What’s making news this week?
Tax tips for teachers, greenery at schools and the uniform debate rolls on – it must be round up time.
Just like that, we are halfway through the school year. The holidays are tantalisingly close but there is still plenty of work to be done before we break. To keep you ahead of the curve in this busy time, we’ve curated a list of must-read articles, so you won’t miss a thing in the world of education news. From why schools might need more trees to tax tips for teachers and the reading habits of 15-year-olds, you’re sure to find something to pique your interest.
We know you’re busy and we’re here to help. Watch this quick video to see how School Stream can save you time and money, or keep reading for our round-up of all the education news making headlines.
New study finds greenery around primary school improves academic performance.
We wrote earlier in the year about the importance of trees at school to provide a sun-safe environment for students and teachers, and it seems trees at school are back in the news. But this time the focus is different: Researchers from ACU have measured greenery and traffic exposure at around 851 primary schools around Melbourne, and the results are fascinating:
“We found school-level academic performance in reading, numeracy, grammar and punctuation was better on average for schools located in areas with more greenery… Poorer performance was associated with higher levels of traffic-related air pollution surrounding schools…”
This is the first study of its kind and will potentially have real-world implications for town and school planners. You can read a synopsis of the project written by the researchers online.
Do you want to know what a 15-year-old thinks about reading?
Of course, you do! An Australian Council for Educational Research (ACER) analysis of results of the Programme for International Student Assessment Survey shows that while there has been an overall decline in reading for enjoyment, a love of reading is still alive and well for this cohort. Read an in-depth analysis online or check out this handy infographic for a snapshot of the key findings.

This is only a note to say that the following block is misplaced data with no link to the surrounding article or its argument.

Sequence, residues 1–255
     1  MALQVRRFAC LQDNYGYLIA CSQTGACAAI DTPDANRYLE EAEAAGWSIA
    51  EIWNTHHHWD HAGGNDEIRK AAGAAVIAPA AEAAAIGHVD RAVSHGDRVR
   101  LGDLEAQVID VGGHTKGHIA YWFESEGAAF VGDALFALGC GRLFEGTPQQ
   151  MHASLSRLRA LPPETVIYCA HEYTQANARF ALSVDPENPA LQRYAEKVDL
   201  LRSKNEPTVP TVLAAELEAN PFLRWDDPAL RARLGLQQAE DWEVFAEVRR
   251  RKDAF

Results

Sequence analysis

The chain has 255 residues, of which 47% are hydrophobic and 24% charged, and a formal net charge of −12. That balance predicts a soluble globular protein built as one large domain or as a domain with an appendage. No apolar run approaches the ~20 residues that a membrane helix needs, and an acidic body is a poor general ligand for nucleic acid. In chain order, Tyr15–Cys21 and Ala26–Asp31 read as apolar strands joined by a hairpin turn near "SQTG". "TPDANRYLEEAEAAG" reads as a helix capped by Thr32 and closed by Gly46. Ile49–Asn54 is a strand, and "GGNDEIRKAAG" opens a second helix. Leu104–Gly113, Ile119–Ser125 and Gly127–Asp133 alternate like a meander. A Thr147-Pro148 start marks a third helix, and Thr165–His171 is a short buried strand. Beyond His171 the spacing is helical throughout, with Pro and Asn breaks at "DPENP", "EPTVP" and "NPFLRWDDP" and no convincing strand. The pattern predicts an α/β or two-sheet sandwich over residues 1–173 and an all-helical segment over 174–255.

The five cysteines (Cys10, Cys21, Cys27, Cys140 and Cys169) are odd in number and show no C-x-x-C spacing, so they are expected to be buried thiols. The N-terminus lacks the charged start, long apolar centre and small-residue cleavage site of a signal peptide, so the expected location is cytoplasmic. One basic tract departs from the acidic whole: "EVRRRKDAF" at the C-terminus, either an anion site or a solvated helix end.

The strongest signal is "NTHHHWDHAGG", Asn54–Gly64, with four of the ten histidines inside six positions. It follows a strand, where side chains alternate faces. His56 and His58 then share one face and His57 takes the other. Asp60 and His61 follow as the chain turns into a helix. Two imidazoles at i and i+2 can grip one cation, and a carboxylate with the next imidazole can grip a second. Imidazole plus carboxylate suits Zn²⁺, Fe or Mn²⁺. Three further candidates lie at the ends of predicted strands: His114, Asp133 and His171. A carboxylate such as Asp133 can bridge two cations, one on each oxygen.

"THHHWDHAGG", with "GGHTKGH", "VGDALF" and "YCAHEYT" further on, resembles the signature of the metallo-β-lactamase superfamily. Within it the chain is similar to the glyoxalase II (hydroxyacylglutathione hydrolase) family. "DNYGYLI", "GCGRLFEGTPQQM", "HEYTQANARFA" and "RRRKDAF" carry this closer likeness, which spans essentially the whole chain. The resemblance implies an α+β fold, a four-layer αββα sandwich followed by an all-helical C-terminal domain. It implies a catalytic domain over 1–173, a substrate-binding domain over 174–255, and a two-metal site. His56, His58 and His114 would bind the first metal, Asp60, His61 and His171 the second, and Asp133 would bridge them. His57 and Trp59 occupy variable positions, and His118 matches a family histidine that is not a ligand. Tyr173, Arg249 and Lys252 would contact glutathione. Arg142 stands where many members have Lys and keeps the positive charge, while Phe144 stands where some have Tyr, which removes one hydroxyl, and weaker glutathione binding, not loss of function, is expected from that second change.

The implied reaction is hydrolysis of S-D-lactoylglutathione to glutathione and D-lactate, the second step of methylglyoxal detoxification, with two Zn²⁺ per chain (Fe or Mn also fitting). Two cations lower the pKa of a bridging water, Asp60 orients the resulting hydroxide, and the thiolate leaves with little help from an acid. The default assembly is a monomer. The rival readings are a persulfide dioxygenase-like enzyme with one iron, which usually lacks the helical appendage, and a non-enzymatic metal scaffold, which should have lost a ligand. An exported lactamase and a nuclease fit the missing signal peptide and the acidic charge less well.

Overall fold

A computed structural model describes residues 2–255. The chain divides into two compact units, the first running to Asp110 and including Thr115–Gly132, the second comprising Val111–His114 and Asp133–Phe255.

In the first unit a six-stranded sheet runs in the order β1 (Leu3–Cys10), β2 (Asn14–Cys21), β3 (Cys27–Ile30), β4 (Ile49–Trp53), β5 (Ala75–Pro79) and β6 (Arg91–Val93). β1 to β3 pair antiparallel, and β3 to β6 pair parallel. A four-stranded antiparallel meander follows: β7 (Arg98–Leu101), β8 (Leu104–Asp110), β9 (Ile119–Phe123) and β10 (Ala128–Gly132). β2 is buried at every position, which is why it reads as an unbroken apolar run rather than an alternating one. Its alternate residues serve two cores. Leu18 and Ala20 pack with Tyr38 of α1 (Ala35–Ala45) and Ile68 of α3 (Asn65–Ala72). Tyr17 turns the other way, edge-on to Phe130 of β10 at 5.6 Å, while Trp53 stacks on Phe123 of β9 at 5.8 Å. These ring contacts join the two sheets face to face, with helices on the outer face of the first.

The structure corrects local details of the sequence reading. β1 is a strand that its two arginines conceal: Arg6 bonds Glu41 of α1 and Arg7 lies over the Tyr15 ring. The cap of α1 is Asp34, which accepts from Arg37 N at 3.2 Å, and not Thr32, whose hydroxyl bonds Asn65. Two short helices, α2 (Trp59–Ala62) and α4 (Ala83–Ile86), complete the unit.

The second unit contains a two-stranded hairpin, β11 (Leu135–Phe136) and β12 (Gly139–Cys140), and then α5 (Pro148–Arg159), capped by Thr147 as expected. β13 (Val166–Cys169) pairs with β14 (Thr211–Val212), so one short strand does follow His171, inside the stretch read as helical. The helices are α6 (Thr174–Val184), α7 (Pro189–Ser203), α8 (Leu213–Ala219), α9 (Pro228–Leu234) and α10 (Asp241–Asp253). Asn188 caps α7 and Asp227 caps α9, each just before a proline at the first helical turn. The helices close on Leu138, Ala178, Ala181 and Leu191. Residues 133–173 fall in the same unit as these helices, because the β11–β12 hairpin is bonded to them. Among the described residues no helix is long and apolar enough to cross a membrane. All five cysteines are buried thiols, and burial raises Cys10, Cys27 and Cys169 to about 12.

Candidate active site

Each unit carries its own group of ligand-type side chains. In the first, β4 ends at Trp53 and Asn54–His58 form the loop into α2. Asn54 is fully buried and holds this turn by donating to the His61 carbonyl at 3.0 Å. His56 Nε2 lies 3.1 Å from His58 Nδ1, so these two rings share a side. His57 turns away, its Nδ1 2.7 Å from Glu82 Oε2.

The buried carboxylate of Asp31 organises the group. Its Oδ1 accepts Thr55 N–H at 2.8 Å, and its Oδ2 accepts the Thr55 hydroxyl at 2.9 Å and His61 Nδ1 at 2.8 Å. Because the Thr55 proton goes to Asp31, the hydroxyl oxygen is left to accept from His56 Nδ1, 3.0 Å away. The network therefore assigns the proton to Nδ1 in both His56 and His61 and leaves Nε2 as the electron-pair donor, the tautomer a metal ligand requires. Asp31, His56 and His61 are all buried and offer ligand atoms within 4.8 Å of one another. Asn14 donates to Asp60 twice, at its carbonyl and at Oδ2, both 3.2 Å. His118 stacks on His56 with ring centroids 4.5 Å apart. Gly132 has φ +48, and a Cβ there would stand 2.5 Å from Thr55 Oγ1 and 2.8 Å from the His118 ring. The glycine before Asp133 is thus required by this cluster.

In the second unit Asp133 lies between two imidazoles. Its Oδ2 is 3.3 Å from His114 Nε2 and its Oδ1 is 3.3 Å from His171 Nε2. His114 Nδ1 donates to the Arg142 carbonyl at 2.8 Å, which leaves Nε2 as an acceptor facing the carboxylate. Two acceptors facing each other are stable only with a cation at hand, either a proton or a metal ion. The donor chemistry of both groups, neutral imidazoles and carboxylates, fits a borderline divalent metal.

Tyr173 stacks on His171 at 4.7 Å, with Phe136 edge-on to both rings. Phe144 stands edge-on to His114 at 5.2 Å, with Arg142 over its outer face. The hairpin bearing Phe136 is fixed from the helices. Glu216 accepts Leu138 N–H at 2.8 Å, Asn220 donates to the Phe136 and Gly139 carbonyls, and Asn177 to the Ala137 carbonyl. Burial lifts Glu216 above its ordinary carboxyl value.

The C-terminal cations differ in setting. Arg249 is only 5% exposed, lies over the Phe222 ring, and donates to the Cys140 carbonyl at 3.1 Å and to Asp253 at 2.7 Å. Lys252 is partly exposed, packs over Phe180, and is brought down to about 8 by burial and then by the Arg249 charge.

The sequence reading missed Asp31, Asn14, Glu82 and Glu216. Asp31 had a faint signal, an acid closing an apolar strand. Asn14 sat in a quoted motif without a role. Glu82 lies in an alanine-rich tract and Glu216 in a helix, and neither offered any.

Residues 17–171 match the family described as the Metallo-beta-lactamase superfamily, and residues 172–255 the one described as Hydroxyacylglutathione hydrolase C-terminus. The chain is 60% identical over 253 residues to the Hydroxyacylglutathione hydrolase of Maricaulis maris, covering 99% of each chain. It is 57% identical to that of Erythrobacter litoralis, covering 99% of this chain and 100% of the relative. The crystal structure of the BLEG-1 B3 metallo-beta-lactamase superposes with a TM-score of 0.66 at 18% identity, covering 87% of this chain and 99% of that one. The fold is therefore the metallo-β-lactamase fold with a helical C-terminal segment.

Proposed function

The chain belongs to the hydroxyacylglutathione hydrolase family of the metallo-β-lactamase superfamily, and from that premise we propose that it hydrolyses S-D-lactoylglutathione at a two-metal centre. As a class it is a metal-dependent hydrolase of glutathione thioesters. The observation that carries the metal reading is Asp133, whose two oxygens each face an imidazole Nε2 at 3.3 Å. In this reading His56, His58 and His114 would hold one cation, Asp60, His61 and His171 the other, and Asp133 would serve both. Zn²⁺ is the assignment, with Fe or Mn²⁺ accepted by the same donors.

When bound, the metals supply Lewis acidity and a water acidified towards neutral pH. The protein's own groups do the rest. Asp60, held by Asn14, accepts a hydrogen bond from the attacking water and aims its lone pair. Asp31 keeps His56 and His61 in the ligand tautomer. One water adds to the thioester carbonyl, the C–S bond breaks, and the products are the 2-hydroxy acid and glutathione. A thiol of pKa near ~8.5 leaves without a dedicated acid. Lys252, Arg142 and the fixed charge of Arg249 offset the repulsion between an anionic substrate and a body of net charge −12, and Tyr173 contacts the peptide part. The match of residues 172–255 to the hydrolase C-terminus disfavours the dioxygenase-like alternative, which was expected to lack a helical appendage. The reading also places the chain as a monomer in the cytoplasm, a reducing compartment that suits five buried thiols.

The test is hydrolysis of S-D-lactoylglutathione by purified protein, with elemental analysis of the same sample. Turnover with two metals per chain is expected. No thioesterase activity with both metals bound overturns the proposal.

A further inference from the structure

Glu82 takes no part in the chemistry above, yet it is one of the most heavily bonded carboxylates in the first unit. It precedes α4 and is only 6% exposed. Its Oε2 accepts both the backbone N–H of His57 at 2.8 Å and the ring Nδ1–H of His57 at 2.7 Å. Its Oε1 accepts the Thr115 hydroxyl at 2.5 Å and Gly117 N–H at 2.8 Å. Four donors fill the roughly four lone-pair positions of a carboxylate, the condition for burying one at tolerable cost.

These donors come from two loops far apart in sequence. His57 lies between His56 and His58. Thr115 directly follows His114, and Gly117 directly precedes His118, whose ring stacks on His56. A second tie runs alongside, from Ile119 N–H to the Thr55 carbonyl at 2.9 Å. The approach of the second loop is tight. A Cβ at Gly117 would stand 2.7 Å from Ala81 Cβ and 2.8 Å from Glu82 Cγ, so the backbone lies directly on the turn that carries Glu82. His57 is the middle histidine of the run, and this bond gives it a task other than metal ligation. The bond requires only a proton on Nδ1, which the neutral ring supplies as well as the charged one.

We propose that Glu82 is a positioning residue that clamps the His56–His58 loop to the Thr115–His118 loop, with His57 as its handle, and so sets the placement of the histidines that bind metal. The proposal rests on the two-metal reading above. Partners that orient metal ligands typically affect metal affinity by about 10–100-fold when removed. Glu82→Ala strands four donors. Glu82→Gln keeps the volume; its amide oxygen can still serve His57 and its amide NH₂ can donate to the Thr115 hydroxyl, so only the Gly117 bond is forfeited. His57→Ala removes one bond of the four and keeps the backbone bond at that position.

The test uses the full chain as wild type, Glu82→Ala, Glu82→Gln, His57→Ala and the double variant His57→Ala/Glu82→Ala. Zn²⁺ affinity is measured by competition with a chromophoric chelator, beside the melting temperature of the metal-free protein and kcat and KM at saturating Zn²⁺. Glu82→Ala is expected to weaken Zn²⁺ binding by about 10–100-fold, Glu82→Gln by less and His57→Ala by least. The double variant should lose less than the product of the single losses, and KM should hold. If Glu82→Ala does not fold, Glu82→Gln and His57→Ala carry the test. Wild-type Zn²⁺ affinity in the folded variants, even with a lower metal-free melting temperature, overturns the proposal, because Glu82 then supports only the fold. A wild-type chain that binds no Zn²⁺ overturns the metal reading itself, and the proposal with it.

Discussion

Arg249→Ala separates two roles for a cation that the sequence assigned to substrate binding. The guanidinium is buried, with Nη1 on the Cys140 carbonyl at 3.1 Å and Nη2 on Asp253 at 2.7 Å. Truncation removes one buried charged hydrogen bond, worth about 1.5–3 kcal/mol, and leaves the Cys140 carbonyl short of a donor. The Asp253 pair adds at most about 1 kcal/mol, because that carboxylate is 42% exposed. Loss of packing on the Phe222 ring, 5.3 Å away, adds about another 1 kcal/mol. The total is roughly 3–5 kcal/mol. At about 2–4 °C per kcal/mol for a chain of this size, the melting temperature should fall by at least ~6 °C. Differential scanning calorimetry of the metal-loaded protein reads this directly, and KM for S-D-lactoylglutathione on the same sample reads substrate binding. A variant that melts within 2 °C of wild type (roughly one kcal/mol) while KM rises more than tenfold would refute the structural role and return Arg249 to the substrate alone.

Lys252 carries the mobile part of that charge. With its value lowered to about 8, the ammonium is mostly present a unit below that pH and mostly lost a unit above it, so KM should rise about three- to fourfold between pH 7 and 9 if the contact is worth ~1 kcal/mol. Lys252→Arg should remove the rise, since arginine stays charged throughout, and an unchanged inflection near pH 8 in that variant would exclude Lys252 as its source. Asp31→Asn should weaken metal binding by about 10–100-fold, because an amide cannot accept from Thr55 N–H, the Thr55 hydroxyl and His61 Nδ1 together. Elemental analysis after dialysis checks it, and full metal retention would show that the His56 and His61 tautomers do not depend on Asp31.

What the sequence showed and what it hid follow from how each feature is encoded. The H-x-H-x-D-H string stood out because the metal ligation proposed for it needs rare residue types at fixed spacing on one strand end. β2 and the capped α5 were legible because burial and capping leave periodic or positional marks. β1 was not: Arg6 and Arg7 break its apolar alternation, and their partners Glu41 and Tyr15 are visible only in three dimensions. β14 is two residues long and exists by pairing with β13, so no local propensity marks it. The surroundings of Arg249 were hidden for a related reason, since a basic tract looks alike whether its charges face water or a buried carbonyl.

Tax tips for teachers 2021
Cometh the end of the financial year, cometh the scramble for receipts. For the past 12 months some educators have been teaching a combination of face-to-face and remotely from home, which may lead to a slightly more complex tax return experience come 30 June. The ATO has a useful guide online and Teacher Magazine has also published a very popular article to help guide you through what you can and cannot claim.
4 Reasons schools should let students wear sports uniforms every day.
An article published in The Conversation this week titled “4 Reasons schools should let students wear sports uniforms every day” takes on traditional school uniforms. Wherever you stand on school uniforms, this very readable article (bravely) takes on the challenge of addressing why sports uniforms might be a better option every day – not just on sports day. If you’re curious about the main takeaways, here they are:
- School uniforms are expensive – for government schools, uniform costs range from $330 for a primary school student to $526 for a secondary school student. The article argues that sports uniforms are a much more affordable option.
- Teachers, students and parents prefer sports uniforms – Studies show 62% of primary school students and 72% of secondary school students prefer to wear a sports uniform, while four in five parents and six in ten teachers support a change of uniform policy allowing students to wear a sports uniform.
- Sports uniforms support physical activity. Most Australians recognise that physical activity is important for physical and mental health, and students, especially secondary school students, strongly agree they’d be more active wearing a sports uniform.
- Traditional uniforms are uncomfortable – “Uniforms hold me back from running” was one of a number of reasons given in the study by students who cited ‘discomfort’ as a key factor in their preference for sports uniforms.
Teachers’ Night & Virtual Incursions for teachers at the Australian Museum
Australia is very lucky to be home to many world-class museums and, as you probably already know, they offer some great opportunities for educators to access all kinds of PD and benefits. For example, Australia’s first museum, The Australian Museum in Sydney, offers a quarterly Teachers’ Night where educators can meet with the Education and Bookings teams, get familiar with the facilities and exhibitions, and ask questions about planning an excursion or Museum learning experience. There are two dates remaining for 2021 so if you’re keen, check their website for more details. And if you’re looking for a virtual incursion experience for your students, (and that’s everyone these days), the Australian Museum offers virtual, curriculum-aligned programs that bring the museum to you via the power of technology. Get in touch with your local museum and see what they can do to support you in maximising the learning opportunities for your students.
We hope you’ve enjoyed our round-up this week. Wishing you all a restful and restorative break. See you in Term 3!
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